For beginners, it can seem like a good idea (and an exciting prospect) to buy a company that tells a good story to investors, even if it completely lacks a track record of revenue and profit. But the reality is that when a company loses money each year, for long enough, its investors will usually take their share of those losses.
If, on the other hand, you like companies that have revenue, and even earn profits, then you may well be interested in Costco Wholesale (NASDAQ:COST). While that doesn’t make the shares worth buying at any price, you can’t deny that successful capitalism requires profit, eventually. Conversely, a loss-making company is yet to prove itself with profit, and eventually the sweet milk of external capital may run sour.
See our latest analysis for Costco Wholesale
How Quickly Is Costco Wholesale Increasing Earnings Per Share?
As one of my mentors once told me, share price follows earnings per share (EPS). It’s no surprise, then, that I like to invest in companies with EPS growth. We can see that in the last three years Costco Wholesale grew its EPS by 17% per year. That’s a pretty good rate, if the company can sustain it.
I like to take a look at earnings before interest and (EBIT) tax margins, as well as revenue growth, to get another take on the quality of the company’s growth. While we note Costco Wholesale’s EBIT margins were flat over the last year, revenue grew by a solid 18% to US$196b. That’s a real positive.
You can take a look at the company’s revenue and earnings growth trend, in the chart below. For finer detail, click on the image.
In investing, as in life, the future matters more than the past. So why not check out this free interactive visualization of Costco Wholesale’s forecast profits?
Are Costco Wholesale Insiders Aligned With All Shareholders?
We would not expect to see insiders owning a large percentage of a US$228b company like Costco Wholesale. But we do take comfort from the fact that they are investors in the company. Notably, they have an enormous stake in the company, worth US$544m. This suggests to me that leadership will be very mindful of shareholders’ interests when making decisions!
It’s good to see that insiders are invested in the company, but are remuneration levels reasonable? A brief analysis of the CEO compensation suggests they are. For companies with market capitalizations over US$8.0b, like Costco Wholesale, the median CEO pay is around US$11m.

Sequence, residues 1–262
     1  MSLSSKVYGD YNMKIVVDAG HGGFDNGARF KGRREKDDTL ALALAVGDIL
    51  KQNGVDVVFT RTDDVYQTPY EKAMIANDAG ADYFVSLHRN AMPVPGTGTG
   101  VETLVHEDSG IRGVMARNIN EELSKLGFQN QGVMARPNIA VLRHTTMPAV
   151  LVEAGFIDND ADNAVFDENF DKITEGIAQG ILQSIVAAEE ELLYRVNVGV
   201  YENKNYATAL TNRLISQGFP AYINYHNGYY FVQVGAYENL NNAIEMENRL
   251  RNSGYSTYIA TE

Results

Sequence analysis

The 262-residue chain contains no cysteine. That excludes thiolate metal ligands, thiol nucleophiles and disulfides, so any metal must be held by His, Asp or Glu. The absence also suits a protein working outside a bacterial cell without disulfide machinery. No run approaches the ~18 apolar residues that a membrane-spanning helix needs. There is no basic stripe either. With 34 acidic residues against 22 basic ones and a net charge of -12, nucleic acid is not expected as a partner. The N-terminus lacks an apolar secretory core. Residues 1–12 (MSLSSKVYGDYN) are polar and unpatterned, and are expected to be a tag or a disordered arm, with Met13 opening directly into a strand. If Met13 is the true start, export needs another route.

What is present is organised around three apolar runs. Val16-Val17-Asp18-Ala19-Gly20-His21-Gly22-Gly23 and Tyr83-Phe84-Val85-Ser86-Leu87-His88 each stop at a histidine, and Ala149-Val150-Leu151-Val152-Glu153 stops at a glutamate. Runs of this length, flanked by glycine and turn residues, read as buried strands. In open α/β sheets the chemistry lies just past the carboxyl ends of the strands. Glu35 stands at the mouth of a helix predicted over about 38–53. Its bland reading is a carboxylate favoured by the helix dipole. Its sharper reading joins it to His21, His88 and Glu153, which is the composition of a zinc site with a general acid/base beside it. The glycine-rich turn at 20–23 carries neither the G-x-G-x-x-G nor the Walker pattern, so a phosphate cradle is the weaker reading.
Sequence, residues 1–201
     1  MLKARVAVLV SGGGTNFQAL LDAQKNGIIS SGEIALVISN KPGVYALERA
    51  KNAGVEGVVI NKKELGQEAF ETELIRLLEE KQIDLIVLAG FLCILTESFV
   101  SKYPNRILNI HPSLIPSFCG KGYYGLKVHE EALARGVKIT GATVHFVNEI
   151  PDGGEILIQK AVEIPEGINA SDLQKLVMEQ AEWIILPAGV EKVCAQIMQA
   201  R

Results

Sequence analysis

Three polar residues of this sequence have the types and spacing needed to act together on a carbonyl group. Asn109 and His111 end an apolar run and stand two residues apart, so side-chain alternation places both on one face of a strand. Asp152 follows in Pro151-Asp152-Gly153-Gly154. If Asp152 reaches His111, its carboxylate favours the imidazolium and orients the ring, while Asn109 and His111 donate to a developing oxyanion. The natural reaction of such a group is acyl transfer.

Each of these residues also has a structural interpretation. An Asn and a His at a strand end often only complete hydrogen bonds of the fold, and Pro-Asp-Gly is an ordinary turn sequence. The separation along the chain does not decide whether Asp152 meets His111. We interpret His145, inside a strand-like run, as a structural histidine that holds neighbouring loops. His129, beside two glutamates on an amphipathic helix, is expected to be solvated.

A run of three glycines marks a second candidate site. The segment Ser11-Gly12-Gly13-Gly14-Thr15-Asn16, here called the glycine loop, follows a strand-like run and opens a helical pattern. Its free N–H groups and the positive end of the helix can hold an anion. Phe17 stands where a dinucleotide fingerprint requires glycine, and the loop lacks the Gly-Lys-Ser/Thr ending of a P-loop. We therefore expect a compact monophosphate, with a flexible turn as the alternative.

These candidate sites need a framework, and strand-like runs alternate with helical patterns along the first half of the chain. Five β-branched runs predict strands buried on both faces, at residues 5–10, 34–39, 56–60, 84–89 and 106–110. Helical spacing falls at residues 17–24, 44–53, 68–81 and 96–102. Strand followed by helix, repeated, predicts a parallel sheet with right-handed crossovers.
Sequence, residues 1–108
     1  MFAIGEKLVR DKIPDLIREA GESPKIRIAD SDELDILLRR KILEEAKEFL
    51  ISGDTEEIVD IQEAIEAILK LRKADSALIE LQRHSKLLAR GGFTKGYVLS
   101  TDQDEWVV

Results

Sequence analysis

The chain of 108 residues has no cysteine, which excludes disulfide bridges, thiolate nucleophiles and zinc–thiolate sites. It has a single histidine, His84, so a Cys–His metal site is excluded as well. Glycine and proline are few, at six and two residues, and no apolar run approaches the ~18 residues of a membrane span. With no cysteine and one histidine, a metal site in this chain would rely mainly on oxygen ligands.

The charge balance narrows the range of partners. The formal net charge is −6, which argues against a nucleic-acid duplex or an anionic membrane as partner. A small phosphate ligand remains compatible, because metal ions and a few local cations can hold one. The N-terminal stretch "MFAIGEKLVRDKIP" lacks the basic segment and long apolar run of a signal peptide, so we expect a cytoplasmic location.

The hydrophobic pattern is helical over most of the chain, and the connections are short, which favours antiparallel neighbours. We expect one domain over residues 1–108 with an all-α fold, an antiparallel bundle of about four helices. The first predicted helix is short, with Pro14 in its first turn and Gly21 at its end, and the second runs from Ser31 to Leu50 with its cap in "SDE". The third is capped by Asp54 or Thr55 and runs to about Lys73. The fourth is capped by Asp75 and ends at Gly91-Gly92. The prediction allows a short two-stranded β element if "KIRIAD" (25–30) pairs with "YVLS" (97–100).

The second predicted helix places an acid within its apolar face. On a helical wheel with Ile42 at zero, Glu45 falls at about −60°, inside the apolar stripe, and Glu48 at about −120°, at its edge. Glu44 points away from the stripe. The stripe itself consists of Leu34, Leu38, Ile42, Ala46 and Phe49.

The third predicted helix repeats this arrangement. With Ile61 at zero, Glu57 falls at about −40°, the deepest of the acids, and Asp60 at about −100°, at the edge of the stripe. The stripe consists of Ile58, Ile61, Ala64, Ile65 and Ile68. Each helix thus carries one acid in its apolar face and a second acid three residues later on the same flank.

The Costco Wholesale CEO received US$8.3m in compensation for the year ending . That seems pretty reasonable, especially given its below the median for similar sized companies. While the level of CEO compensation isn’t a huge factor in my view of the company, modest remuneration is a positive, because it suggests that the board keeps shareholder interests in mind. It can also be a sign of good governance, more generally.
Does Costco Wholesale Deserve A Spot On Your Watchlist?
As I already mentioned, Costco Wholesale is a growing business, which is what I like to see. The fact that EPS is growing is a genuine positive for Costco Wholesale, but the pretty picture gets better than that. With a meaningful level of insider ownership, and reasonable CEO pay, a reasonable mind might conclude that this is one stock worth watching. However, before you get too excited we’ve discovered 1 warning sign for Costco Wholesale that you should be aware of.
You can invest in any company you want. But if you prefer to focus on stocks that have demonstrated insider buying, here is a list of companies with insider buying in the last three months.
Please note the insider transactions discussed in this article refer to reportable transactions in the relevant jurisdiction.
This article by Simply Wall St is general in nature. We provide commentary based on historical data and analyst forecasts only using an unbiased methodology and our articles are not intended to be financial advice. It does not constitute a recommendation to buy or sell any stock, and does not take account of your objectives, or your financial situation. We aim to bring you long-term focused analysis driven by fundamental data. Note that our analysis may not factor in the latest price-sensitive company announcements or qualitative material. Simply Wall St has no position in any stocks mentioned.
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